Brazilian Finance Minister Guido Mantega said Friday that the government will trim its 2013 budget by 15 billion reales (or 6.7 billion U.S. dollars).
Most of the cutbacks will be made to the current expenses of various government ministries, without affecting any social programs, said Mantega, adding the areas targeted for cuts include travel, equipment, third-party services and rents.
The cut in expenses aims to help the government meet its primary surplus target of 2.3 percent of gross domestic product ( GDP) for the year, a figure that has been threatened by weak economic growth and fiscal benefits, said Mantega.
The finance chief admitted he was concerned about the effects on the budget of several proposals currently being studied in congress, including the one calling for foregoing tax collection in the transportation sector to help bring down the price of bus fares.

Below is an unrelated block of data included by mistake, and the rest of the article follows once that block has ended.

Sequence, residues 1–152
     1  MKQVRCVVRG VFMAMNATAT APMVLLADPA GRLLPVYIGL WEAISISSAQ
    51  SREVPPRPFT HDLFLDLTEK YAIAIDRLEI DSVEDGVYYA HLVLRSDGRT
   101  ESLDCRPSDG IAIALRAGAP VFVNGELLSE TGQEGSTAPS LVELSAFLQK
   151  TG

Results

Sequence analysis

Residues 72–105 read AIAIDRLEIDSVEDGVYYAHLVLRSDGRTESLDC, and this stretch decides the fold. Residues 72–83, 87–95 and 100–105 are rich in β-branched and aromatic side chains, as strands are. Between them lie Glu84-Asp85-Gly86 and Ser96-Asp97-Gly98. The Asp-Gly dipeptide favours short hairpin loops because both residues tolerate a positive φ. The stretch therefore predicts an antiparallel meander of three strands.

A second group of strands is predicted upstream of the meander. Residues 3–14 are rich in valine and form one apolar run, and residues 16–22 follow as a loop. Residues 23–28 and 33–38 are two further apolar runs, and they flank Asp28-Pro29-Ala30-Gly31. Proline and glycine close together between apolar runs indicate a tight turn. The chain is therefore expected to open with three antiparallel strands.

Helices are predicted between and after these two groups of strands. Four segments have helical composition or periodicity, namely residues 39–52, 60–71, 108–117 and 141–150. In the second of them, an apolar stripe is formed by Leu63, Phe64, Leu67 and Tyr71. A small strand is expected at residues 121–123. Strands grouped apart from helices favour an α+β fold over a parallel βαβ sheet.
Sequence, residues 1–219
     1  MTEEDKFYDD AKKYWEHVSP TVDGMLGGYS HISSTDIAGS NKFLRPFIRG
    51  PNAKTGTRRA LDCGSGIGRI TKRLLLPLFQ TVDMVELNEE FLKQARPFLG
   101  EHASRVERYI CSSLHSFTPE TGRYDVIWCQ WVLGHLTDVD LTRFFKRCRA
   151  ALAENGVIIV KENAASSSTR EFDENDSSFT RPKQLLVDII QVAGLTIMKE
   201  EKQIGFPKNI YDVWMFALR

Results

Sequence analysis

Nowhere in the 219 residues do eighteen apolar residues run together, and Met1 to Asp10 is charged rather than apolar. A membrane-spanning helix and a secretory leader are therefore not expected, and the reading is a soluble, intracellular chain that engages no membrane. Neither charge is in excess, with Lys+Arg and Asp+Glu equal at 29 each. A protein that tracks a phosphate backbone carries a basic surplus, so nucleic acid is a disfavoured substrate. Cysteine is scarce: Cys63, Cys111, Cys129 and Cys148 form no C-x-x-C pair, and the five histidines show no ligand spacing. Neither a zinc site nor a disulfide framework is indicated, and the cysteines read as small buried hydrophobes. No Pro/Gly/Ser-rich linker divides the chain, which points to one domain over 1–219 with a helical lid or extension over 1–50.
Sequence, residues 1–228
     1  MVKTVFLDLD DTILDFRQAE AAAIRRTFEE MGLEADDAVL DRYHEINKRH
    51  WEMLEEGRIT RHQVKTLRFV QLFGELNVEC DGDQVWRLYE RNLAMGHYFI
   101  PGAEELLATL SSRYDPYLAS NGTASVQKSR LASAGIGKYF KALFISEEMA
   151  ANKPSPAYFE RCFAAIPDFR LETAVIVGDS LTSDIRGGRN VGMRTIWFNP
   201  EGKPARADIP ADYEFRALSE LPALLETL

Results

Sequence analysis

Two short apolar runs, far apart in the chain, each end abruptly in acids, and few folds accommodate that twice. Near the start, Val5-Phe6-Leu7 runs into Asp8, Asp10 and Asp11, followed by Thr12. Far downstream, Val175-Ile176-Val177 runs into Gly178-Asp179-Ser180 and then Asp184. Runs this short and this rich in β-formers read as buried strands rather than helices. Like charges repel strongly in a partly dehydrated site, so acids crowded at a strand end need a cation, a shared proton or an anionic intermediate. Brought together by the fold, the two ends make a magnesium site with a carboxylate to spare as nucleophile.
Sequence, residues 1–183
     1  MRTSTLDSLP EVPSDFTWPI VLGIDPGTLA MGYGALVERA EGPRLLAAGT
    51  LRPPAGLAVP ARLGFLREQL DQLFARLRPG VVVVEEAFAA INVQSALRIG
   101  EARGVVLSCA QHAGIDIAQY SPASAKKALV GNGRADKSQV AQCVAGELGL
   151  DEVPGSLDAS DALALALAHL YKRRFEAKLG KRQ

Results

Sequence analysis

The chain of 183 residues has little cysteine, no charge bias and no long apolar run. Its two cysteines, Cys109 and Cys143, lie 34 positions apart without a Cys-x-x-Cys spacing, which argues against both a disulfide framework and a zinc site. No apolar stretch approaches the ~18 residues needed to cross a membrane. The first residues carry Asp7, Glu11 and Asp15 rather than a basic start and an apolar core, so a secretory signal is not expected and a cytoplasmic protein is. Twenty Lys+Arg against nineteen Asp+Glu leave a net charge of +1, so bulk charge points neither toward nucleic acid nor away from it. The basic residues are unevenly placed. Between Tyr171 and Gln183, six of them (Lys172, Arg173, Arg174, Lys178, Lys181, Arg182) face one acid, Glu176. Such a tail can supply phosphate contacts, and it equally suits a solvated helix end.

A wave of mass protests over the past few weeks was sparked by a transit fare hike that angered Brazilians who witnessed massive public spending on sporting events while public services went ignored.
The primary surplus of the public sector takes into account the total savings made by the federal, state and municipal governments, and state companies, that are then put towards paying interests on debt.
Balanced public accounts are considered a priority of the government at a time when capital flows to emerging countries are shrinking.
The budget cutback comes just days before a scheduled meeting of Brazil's Central Bank Monetary Policy Committee (Copom), which will announce the new basic interest rate next Wednesday. According to most analysts, the rate is currently at 8 percent and is expected to be raised half a point.